In Ukraine, WWII survivors struggle
Almost 80 years later, those who were young and witnessed the last extensive land war in Europe try to live through the current one.
Journalism is too opaque and misunderstood. Chills gives a behind-the-scenes look at how dangerous investigative journalism gets made.
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HORENKA, UKRAINE — A chunky yellow Labrador comes bounding down the sidewalk and into the street toward me. Trailing behind him is an older man repeatedly calling the dog’s name in Ukrainian: “Richi! Richi, come!”
The dog wants no part of going home while people are willing to pet him. Finally, the man, Petro Virko, 81, catches up with Richi and drags him by his collar down an entire block, back to their house. Or, I should say, to their self-built compound. When you’ve got an outdoor sauna, a carpentry workshop, a greenhouse and an underground bunker with more than one full bar and a rifle range, “compound” seems more appropriate.
Virko invites me in, but before he does, he stops in his leafy front garden to point to the spot where his adored previous Labrador, who was rusty red and 16, died a few months ago in a shock wave from a Russian bomb.
“It was probably a heart attack,” Virko says, his voice full of grief. He deeply misses that dog, who was also named Richi. The rambunctious yellow Lab he now lives with was found in some trenches nearby — his full name is Richi II.
Virko sees me and my fixer into his house. So now we’re sinking into dusty couches in his darkened, mildewed home in Horenka, a suburb about a half an hour northwest of Kyiv and about 10 minutes from Bucha. This village was the final front line of the thwarted Russian attempt to capture Kyiv. Bombed and invaded intermittently since Feb. 24, when the war began, the exhausted village, home to more than 5,000 people, held strong. Most people evacuated early; still, 33 have died, says Larysa Lishynska, a lawyer who put her job on hold to lead an effort to bring food and supplies to the village.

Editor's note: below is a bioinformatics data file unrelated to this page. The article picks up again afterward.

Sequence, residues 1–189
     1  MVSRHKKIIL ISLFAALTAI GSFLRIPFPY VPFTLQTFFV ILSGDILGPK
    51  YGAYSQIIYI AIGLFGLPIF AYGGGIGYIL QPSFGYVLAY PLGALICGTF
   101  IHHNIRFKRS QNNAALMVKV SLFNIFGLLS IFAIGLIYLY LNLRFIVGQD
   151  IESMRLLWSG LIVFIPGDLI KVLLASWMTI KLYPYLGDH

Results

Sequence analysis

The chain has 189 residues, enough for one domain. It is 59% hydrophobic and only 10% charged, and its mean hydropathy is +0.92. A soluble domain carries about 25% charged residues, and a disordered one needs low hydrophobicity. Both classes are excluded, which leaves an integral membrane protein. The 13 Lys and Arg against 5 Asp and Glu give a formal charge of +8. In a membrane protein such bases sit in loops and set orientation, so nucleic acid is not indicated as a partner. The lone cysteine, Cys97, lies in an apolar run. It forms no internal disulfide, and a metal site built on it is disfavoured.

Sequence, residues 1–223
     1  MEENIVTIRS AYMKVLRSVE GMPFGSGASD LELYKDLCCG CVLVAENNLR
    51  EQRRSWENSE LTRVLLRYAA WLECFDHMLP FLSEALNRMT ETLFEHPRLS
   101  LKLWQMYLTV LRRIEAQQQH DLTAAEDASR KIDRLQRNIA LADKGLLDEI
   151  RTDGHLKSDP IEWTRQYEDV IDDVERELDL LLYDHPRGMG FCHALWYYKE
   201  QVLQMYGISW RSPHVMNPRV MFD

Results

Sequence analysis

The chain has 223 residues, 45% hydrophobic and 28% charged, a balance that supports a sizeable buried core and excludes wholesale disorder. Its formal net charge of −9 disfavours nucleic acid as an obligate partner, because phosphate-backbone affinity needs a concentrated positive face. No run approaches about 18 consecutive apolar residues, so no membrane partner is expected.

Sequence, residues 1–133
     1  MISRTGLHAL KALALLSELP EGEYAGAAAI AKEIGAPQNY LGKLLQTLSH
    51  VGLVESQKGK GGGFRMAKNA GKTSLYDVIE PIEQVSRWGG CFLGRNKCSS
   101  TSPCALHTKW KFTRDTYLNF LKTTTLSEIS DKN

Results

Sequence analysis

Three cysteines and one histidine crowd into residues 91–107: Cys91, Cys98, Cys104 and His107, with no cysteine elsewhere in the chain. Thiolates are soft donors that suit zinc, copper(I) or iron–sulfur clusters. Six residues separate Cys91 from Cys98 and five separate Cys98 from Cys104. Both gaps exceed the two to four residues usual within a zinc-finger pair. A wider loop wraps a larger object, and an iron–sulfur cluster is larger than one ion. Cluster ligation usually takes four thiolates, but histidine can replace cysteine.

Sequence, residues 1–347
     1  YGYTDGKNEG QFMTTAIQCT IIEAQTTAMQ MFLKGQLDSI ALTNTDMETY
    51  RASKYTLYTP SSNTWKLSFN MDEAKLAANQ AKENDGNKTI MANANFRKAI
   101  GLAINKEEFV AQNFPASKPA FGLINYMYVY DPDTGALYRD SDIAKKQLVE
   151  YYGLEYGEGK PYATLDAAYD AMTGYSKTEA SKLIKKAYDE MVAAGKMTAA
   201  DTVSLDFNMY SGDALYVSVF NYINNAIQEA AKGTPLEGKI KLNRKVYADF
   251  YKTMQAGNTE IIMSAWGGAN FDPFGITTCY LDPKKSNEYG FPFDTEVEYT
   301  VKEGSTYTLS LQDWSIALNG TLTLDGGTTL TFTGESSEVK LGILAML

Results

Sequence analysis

“You either watch,” she says, “or you help.”
Locals estimate that there has been damage to nearly 80 percent of the structures in Horenka; like so many villages that surround Kyiv, shattered windows are the norm, and, in a perverse kind of comedy, it seems like every other house has been destroyed. Unlike in neighboring villages, such as Bucha and Irpin (the sites of well-publicized massacres), in Horenka, I did not hear about people being shot in their cars as they fled.
When the Russians pushed toward Kyiv after landing at the nearby Antonov Airport — a key target in Russia’s goal to create an air bridge that would allow them to take the capital — soldiers went from house to house in these suburbs, taking with them everything from ovens to fishing poles as they searched for patriotic Ukrainians by making them strip. The idea was to find military and pro-Ukrainian tattoos. I’ve heard reports about men being tortured and killed because of such ink.
Regardless, Virko was one of a handful of men who stayed behind. He’s the stereotype of the cranky old man standing his ground: “It’s my house, my land, and I won’t leave it,” he says. Actually, replace “cranky” with “resourceful.” Like some of his neighbors, he’s old enough to have memories — however faint — of being in Ukraine at the end of World War II. And now he’s living through a near-facsimile of that period’s hungry aftermath. This time, though, he’s prepared for it, having stocked up and canned and pickled every vegetable imaginable.
Besides, he says, he wasn’t about to leave behind his dog — it’s just the two of them these days. His beloved wife died of skin cancer in 2004 from, he believes, radiation released during the Chernobyl meltdown in 1986. And, horrifically, his mother died in a massive 1961 landslide in Kyiv that some called the “revenge of Babyn Yar,” the site at which Nazis killed 100,000 Jews, Roma and political prisoners. A couple of months ago, Russians bombed a communications tower that overlooks the ravine. Some said Babyn Yar was hit, but it may not have been. I saw the damage to the tower, but not the site itself.
The term “fog of war” exists for a reason.
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